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The Cassandra Virus

by K.V. Johansen

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science fiction, law & crime, computers
list price: $8.95
published: 2006
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Recommended Age, Grade, and Reading Levels
10 to 14
4 to 7
Reading age:
9 to 12
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Canadian Children's  Book Centre
Librarian review

The Cassandra Virus

Silver Birch-nominated author K.V. Johansen has created a terse and exciting thriller in her new sci-fi book The Cassandra Virus. Set in the not so distant future, this story of robots, supercomputers and technology provides a fascinating glimpse into a possible and frightening reality.

In a time when computers are faster and cars run on fuel cells, there isn’t much for two non-athletically minded thirteen-year-olds to do in a small town during summer vacation. To pass the time, Jordan O’Blenis (aka Igor) writes a computer program that can live on the web and spread and learn, and the result ends up being more than he or anyone would have imagined.

The Cassandra Virus contains all the elements of good “predictive fiction,” centering on our responsibility for technological change. The Cassandra computer program presents an interesting conundrum resembling an Asimov thriller. Cassandra, named after Jordan’s sister, is a piece of technology, but she has the ability to think and learn and react, which begs the question is she alive? The dangers of a program such as this existing, and the possibilities that arise from its existence are thoroughly and thoughtfully explored. As technology in our own world evolves and changes, this question is a great topic for class discussion or literature circles.

Jordan and his friend Helen are realistic and likeable, and the author does an excellent job of developing these characters. Young readers will identify with Jordan’s frustration at being the younger sibling fighting to keep up with an older super-sib. It feels to Jordan as if his older sister Cassie has accomplished everything first, leaving nothing left for him to claim as his own.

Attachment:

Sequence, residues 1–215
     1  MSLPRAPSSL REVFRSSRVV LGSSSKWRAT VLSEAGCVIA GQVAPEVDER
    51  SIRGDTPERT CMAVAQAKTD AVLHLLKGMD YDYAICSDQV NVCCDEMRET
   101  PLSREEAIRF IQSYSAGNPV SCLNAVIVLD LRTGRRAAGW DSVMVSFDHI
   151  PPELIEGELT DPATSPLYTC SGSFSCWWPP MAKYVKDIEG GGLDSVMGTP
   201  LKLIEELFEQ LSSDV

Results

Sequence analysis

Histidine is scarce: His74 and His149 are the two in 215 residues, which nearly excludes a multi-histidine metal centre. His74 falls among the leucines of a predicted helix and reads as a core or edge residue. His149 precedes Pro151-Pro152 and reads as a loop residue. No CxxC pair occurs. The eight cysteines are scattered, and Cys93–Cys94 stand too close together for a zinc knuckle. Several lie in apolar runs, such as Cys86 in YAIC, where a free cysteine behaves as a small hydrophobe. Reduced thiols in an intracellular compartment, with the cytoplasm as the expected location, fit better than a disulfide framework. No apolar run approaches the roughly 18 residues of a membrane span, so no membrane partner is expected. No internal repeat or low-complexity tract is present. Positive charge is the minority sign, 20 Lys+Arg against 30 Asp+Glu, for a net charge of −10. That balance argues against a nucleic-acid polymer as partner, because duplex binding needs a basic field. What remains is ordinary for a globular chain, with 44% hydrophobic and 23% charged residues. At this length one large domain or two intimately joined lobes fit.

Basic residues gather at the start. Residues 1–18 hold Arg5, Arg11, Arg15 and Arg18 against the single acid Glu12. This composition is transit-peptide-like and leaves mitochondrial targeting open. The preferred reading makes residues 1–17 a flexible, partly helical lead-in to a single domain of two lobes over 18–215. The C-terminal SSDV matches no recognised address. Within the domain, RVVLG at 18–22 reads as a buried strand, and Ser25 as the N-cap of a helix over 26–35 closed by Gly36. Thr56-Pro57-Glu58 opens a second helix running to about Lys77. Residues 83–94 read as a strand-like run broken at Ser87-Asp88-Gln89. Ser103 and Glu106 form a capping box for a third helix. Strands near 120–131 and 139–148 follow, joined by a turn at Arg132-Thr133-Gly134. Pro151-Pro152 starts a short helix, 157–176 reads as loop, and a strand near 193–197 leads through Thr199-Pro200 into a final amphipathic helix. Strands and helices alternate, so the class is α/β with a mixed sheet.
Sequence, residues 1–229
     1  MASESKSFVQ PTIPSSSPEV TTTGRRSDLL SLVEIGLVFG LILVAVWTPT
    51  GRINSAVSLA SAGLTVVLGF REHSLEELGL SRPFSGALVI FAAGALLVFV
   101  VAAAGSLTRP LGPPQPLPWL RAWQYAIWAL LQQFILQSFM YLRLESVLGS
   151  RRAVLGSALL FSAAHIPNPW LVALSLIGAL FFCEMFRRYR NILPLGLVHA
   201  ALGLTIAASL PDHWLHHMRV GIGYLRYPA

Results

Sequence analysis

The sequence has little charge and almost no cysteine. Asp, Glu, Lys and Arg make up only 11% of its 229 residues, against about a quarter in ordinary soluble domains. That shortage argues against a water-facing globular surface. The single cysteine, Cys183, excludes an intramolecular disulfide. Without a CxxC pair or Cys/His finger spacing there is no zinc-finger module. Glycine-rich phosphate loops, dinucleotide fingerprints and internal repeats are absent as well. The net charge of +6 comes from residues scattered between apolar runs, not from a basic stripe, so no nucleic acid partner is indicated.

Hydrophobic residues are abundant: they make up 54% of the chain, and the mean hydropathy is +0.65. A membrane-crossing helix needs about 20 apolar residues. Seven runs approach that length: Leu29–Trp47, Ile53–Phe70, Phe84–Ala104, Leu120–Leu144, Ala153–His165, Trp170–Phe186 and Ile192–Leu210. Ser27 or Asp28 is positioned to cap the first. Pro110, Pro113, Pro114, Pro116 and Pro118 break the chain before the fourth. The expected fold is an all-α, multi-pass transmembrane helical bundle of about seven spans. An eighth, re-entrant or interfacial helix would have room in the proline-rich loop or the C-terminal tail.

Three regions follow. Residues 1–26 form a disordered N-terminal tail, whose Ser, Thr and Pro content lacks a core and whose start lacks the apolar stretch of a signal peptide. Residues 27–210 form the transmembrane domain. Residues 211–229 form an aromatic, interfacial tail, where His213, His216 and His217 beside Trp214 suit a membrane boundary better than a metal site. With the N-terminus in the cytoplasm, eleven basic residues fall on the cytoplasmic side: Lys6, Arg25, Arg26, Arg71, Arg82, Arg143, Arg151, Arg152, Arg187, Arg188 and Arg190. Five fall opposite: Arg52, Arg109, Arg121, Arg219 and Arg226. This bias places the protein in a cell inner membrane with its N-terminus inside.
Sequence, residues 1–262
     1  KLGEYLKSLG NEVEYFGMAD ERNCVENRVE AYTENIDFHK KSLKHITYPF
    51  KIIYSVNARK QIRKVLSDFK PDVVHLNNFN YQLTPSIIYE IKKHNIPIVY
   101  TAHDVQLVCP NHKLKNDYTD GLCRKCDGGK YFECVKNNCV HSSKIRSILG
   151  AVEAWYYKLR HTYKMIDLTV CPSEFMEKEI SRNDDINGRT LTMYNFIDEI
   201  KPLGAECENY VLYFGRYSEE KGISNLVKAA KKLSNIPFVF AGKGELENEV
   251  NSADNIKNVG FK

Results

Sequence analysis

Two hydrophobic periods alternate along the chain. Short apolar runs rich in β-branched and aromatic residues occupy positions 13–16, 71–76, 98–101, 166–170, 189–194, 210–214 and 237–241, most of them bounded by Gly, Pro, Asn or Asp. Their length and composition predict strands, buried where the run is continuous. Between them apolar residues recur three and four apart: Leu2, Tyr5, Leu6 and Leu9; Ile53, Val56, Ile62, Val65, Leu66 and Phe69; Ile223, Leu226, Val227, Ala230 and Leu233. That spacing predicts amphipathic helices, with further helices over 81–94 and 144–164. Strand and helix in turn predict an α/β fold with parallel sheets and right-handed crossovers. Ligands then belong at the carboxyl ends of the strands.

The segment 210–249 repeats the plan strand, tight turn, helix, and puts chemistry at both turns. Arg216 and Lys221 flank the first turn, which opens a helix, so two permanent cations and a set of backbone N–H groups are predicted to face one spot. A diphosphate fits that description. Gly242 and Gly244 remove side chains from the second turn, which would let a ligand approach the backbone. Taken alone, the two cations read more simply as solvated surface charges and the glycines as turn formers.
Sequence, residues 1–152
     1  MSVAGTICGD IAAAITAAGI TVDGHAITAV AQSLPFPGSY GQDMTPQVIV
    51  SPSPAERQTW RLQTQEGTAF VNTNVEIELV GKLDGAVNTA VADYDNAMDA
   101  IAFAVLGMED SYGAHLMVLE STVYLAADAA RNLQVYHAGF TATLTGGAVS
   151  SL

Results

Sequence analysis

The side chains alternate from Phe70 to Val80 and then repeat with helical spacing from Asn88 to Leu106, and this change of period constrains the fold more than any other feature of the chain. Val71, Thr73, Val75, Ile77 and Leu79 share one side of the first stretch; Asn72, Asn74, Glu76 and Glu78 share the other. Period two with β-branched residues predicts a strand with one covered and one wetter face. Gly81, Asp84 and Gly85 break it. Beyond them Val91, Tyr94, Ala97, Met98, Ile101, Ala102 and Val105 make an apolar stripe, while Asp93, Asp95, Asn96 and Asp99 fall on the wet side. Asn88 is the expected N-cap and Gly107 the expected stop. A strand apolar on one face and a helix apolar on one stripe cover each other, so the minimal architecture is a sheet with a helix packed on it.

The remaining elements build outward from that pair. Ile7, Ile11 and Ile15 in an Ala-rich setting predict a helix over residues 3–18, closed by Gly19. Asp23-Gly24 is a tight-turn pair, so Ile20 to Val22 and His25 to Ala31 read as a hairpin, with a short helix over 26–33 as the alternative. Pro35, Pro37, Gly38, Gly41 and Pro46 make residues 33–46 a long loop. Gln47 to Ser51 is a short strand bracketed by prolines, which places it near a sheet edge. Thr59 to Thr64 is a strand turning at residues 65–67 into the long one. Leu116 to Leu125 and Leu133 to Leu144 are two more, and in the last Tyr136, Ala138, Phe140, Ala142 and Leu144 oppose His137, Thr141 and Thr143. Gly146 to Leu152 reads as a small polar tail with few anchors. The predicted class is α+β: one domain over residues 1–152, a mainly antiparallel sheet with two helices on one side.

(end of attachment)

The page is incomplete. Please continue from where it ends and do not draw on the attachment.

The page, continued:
By and large this is an excellent book, and highly recommended for Grades 4 to 8.

Source: The Canadian Children's Bookcentre. Spring 2006. Vol.29 No. 2.

Canadian Children's  Book Centre
Librarian review

The Cassandra Virus

When Jordan creates a computer program, he and his friend Helen have to find a way to keep it out of the hands of a sinister spy agency – and themselves out of trouble.

Source: The Canadian Children’s Book Centre. Canadian Children’s Book News. 2007.

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  • Short-listed, CLA Book of the Year for Children nominee
  • Commended, CCBC Our Choice
  • Commended, PSLA Top Forty
  • Commended, PSLA Top Forty
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In the not-too-distant future, Jordan creates a powerful computer program named Cassandra that comes alive and communicates with him by e-mail. Cassandra, who doesn't like being called a virus, quickly becomes of great interest to the local university's corrupt vice-president. Jordan and his friend Helen must prevent Cassandra from being stolen and used unethically by a sinister spy agency. In the process, they learn a lot about the abuse of power, the advantages (and disadvantages) of technology and the futility of trying to beat a computer at a computer game.

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There weren't any laws to protect a life-form like her, but somebody had to. She was like his child in a way, and he really should be setting a good example. Doing what was right, not just what made his life easier. The responsibility made his head hurt.

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Editorial Reviews

"Well-researched and topical information in an action-driven plot...All middle school libraries should have a copy."

— Resource Links

"Johansen presents the fascinating, yet frightening concept of a living comptuer while confronting the reader with ethical dilemmas, such as, abuse of power, invasion of privacy and theft of intellectual property...Recommended."

— CM Magazine

"Computer junkies will enjoy the technological aspects as well as the characters."

— School Library Journal

"Apealing to tech-savvy teens."


"Endearing characters...add depth to this fast-paced, futuristic, middle school thriller."


"A compelling story of the recurring theme of self-aware computers. K. V. Johansen writes excellently..for humans age 12 and up who like reading science fiction."

— Readersviews.com

"I enjoyed it because sometimes I thought 'this is the ending,' but it wasn't…It is one of those books that is hard to put down and I read it all in two nights." - Ruth Ferrari, 10, Edmonton

— United Church Observer
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About the Author

K.V. Johansen

K.V. Johansen has Master's Degrees in Medieval Studies and in English. She has held the Eileen Wallace Research Fellowship in Children's Literature and received the Frances E. Russell Award for research in children's literature in 2004. Johansen received the Canadian Authors' Association 2006 Lilla Stirling Award; she has had fiction titles nominated for the Silver Birch Award, the Diamond Willow Award, shortlisted for the Canadian Association of Children's Librarians Book of the Year for Children Award, and included on the Ontario Library Association's "Best Bets Top Ten List" and VOYA's "Best Science Fiction, Fantasy, and Horror" list. For more information, visit www.pippin.ca.

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